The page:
Milkmaid of the Milky Way Review
I could never get into Point and Click Adventure Games. I don’t really know why. It might be because I was born a bit too late to get caught up in their golden age in the 90s. However, after playing Milkmaid of the Milky Way, made by Mattis Folkestad and published by machineboy, I can now certainly see their appeal.
Milkmaid of the Milky Way takes place in Norway in the 1920s. We play as Ruth, a brilliant orphaned girl who now takes care of her parents’ farm, situated at the end of a fjord, hours away from any town or city. She passes the days reading and making dairy products which she sells with the help of a friend. All this is about to change however, as a golden spaceship appears over her farm.
The game is roughly split into three days or three stages, but there are no gameplay differences between them. If you have played any Point and Clicks, you are going to get the hang of this pretty quickly. Problems arise every day and we have to deal with them, usually through finding clues and items spread around the areas we can visit. The solutions to Milkmaid of the Milky Way’s puzzles are actually quite smart, especially the last gameplay day. I also loved the fact that some items were used in ways you didn’t expect (The spoon especially).
While Milkmaid doesn’t introduce anything new in terms of gameplay, choosing instead to follow the tried and tested recipe of its 90s equivalents, it goes above in beyond in all the more “artistic” areas of the game. For examples, my absolute favourite thing of the entire game is its dialogues. Every single piece of interaction between Ruth and other characters and items is written in rhyme. While there have been novelty characters in other games who do this, this was the first time I’ve seen a whole game written like that, which becomes even more amazing if you consider that one guy wrote the entire thing. What’s more, the rhymes are actually pretty good. It is really obvious that a lot of passion and effort has been put into the game.
That passion is even more evident when one looks at the game’s graphics and sound. The game has this beautiful pixely art style that suits it perfectly. The colours are vibrant and complement each other nicely. Everything about the colours close to the farm scream rustic and everything inside the spaceship screams futuristic. Even better, the animations are amazing for a game based on pixel art. The animations are fluid and characters actually emote clearly through them. In terms of music, the game also knocks it out of the park. There are a variety of tracks which change between areas and days, all of which suit the time and place of the game really well.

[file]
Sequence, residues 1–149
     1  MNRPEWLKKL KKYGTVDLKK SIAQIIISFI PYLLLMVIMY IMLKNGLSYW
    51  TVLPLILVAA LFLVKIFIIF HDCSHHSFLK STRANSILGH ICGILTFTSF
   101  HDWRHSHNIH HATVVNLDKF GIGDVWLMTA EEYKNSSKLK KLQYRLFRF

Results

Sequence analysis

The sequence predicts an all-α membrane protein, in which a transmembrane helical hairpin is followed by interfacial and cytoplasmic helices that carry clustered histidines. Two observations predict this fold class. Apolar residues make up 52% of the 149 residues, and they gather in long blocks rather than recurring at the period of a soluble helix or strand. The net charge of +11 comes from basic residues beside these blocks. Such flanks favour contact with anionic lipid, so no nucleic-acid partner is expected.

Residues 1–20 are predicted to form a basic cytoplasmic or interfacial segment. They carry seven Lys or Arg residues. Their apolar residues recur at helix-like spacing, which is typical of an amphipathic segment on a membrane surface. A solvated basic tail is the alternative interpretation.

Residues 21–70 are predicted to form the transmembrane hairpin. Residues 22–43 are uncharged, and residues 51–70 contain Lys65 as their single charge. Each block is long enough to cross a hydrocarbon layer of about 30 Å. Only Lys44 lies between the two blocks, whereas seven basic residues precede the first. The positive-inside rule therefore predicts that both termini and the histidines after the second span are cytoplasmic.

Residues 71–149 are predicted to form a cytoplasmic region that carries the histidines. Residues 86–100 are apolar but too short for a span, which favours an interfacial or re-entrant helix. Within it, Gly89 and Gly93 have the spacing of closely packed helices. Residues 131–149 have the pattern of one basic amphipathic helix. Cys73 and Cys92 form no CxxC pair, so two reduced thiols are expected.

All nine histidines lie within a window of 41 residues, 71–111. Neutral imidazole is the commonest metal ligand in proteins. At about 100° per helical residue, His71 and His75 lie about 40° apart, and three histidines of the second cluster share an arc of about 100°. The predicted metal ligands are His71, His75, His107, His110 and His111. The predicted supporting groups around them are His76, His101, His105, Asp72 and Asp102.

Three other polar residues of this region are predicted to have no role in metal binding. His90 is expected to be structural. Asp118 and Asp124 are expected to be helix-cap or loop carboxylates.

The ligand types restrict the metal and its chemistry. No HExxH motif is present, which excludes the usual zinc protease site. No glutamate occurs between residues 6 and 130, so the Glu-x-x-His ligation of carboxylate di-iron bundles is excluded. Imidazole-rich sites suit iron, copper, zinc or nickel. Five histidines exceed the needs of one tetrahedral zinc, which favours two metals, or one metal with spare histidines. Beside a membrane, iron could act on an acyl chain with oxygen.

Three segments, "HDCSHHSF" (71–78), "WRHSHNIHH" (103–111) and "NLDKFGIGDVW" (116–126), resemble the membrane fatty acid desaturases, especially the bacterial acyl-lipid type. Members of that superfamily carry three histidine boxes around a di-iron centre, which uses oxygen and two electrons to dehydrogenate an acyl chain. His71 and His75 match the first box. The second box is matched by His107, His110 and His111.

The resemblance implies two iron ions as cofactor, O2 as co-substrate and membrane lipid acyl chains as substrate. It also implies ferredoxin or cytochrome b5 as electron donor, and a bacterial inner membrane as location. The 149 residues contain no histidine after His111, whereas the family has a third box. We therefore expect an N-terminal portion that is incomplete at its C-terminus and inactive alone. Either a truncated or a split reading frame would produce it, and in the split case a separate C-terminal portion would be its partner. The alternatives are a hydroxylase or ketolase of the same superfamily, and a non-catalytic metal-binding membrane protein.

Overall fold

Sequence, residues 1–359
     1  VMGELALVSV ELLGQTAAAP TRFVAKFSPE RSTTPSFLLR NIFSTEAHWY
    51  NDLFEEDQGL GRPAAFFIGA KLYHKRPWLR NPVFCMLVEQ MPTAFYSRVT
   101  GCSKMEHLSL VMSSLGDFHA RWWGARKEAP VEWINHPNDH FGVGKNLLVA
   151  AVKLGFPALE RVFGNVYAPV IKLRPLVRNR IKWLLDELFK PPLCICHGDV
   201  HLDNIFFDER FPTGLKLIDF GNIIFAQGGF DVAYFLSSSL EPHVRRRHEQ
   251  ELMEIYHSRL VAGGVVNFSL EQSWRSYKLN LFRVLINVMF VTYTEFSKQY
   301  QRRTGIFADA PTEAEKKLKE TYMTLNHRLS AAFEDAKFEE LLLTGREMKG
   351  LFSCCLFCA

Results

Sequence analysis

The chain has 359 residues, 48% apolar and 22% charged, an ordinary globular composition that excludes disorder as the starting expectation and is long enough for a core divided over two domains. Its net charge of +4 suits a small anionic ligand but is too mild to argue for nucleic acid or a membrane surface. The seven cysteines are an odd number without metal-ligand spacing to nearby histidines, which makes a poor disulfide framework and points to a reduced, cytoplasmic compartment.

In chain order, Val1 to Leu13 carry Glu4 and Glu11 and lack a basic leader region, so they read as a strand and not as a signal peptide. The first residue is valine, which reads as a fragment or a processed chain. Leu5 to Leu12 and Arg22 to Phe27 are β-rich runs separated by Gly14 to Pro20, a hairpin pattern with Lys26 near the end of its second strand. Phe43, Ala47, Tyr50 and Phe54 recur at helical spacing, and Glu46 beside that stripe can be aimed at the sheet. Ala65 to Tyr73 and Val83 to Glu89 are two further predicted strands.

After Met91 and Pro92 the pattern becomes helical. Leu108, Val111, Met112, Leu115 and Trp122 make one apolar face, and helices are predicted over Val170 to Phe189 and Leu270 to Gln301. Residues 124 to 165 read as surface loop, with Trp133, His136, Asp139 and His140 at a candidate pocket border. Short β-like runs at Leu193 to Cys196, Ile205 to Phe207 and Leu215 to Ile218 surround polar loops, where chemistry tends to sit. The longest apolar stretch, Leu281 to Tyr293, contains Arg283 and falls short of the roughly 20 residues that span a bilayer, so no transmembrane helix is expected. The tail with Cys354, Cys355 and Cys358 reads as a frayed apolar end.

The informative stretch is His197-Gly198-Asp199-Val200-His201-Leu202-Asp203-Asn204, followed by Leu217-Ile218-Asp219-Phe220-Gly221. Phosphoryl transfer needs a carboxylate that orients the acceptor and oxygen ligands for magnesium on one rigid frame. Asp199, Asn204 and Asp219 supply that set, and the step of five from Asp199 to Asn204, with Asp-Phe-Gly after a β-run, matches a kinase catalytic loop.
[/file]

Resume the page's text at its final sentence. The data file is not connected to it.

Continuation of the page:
What also deserves praise is the choice of setting for the game and how it is utilised. Any setting before telephones and the like became widely used would have suited the game but since the creator is Norwegian, we ended up in Norway. The place doesn’t matter as much as how the game portrayes technology. There are no huge talks about automation or industry or anything as philosophical as that, but there are some great hints and small conversation about how the times are changing. For example, Ruth can no longer sell the butter she makes because people buy margarine now. These things don’t really move the game forward, but they are what immersed me in the world and actually made it interesting. To put this in a wider scope, every character you will talk to has a bunch of things to say, not only regarding your tasks but their life and occupation. This is what makes the game feel alive and not just a shell to do things in.
The only problem I had with the game was that it wouldn’t open in fullscreen. I don’t really know why to be honest, this is the first time this has happened. I even went into steam properties to force it to open only in fullscreen but it still didn’t. Still, this is honestly a very, very minor problem in contrast with how good the game is.
According to the creator himself, Milkmaid of the Milky Way will take you 2-3 hours to complete. This might seem like too little, but the game packs as much story and character in these hours as many games do in triple the time. I haven’t gotten this immersed in a game in a very long time. If you are even marginally interested in Point and Click games, you should look into Milkmaid. Honestly, look into Milkmaid even if you have never played such a game. It’s a great starting point.
You can get Milkmaid of the Milky Way for 6 euro on Steam.
Milkmaid of the Milky Way is a lovingly constructed Point and Click Adventure game written entirely in rhyme. It has a huge amount of heart and sould and it shows in its art and sound. While it doesn’t take that long to complete, it is the type of game that will stay with you for a long time.
+ The graphics and sound.
+ Every dialogue is a rhyme.
– Minor technical issues.
– Philip “Snowchill” Alexandris